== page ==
“Even the successful deployment of CCS for power generation – a questionable outcome and priority given the costs relative to other options – does not mean business as usual for carbon-intensive assets. Companies and consumers will have to pay directly or indirectly for the very significant costs involved.”
“CCS attempts to address risk on the one hand by extending carbon budgets, but creates it on the other hand through new and uncertain costs. It should not be seen as a deus ex machinathat will ‘save the day’. Investors should view CCS for power generation with a healthy dose of scepticism.”

This seems to get to the heart of the problem with CCS. Modellers tell us it is indispensable if we are to avoid dangerous warming cost-effectively, but that the upfront development costs will be high. Meanwhile, others warn it should not be seen as an excuse to continue business as usual.

Given this context, and the fact that its potential benefits lies so far in the future, it is, perhaps, unsurprising that progress on developing the technology is stuttering in the UK, even if developments elsewhere show more promise.

Dr Sara Budinis, research associate at Imperial and part of the Sustainable Gas Institute team that authored the report, tells Carbon Brief:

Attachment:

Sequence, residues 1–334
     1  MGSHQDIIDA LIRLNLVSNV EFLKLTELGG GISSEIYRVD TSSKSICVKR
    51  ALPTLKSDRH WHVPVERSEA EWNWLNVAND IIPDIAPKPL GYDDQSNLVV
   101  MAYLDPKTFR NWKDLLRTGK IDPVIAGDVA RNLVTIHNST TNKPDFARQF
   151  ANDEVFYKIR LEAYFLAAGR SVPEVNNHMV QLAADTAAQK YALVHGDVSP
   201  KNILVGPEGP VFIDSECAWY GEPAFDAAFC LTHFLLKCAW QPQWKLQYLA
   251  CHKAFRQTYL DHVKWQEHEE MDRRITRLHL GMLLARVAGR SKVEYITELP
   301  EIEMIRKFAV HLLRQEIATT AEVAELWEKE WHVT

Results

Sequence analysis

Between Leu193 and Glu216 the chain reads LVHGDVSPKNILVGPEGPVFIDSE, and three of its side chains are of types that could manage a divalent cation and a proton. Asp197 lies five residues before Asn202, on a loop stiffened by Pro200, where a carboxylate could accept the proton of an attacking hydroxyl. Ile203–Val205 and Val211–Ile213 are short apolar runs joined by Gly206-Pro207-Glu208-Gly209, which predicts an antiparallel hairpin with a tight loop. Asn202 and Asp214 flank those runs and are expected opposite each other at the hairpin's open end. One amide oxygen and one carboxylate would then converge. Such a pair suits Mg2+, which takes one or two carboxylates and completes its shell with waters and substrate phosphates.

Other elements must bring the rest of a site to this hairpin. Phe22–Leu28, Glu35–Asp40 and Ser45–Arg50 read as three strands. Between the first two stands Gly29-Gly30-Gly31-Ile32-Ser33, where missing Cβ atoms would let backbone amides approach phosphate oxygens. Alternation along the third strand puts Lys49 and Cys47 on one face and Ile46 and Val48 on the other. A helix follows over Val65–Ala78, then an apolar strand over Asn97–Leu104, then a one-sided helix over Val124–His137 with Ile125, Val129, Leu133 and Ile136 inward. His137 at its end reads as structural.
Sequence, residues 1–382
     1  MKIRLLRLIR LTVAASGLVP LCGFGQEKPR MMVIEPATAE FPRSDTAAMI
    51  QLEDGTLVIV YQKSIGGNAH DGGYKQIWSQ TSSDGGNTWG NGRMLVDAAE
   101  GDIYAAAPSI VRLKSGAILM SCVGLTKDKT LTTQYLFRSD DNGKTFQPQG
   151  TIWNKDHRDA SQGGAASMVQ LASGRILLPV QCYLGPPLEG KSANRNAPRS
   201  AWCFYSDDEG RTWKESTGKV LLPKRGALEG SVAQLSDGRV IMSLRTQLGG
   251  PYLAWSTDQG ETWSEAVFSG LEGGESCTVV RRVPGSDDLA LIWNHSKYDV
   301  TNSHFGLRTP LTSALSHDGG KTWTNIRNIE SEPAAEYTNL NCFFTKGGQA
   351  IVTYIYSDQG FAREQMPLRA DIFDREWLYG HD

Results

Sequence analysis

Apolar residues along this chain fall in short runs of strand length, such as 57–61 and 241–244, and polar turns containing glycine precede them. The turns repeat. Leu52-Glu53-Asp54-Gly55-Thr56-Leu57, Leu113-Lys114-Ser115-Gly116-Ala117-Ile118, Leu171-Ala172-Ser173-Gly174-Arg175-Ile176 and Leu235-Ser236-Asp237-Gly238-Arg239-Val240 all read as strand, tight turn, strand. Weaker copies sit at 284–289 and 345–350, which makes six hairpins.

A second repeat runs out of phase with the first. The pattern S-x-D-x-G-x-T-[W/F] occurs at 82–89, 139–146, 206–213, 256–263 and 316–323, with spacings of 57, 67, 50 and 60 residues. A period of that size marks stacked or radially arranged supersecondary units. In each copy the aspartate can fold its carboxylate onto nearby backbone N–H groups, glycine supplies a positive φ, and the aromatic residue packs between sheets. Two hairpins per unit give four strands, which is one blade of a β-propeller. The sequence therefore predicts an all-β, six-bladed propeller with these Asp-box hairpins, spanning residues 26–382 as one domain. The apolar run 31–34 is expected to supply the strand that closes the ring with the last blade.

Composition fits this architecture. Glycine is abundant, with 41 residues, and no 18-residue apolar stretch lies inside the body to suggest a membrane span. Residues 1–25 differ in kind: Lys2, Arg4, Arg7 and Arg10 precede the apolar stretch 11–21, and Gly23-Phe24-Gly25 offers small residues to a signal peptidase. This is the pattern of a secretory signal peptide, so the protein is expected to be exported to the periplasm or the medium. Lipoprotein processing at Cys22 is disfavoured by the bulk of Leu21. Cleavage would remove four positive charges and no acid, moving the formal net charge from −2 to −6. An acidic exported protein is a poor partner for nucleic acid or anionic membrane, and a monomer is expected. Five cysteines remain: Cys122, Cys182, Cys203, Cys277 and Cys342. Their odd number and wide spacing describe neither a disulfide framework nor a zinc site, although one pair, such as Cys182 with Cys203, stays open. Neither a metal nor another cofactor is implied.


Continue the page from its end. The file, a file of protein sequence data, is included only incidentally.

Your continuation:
“None of the technologies that we have available at the moment is the super-winning one. We think every technology has to play its role and CCS is part of the solution.”


“We are basically running out of carbon budget. I understand there are concerns about CCS but to me it is something that could help us to access fossil fuel reserves without endangering climate change even more.”

New Carbon Brief analysis shows just how quickly the carbon budget is running out, with around five years of current emissions remaining for a likely chance of staying below 1.5C.
Main image: Fort McMurray, Alberta. Credit: Kris Krüg/DeSmogBlog.


Study: Most fossil fuels unburnable without carbon capture - Carbon Brief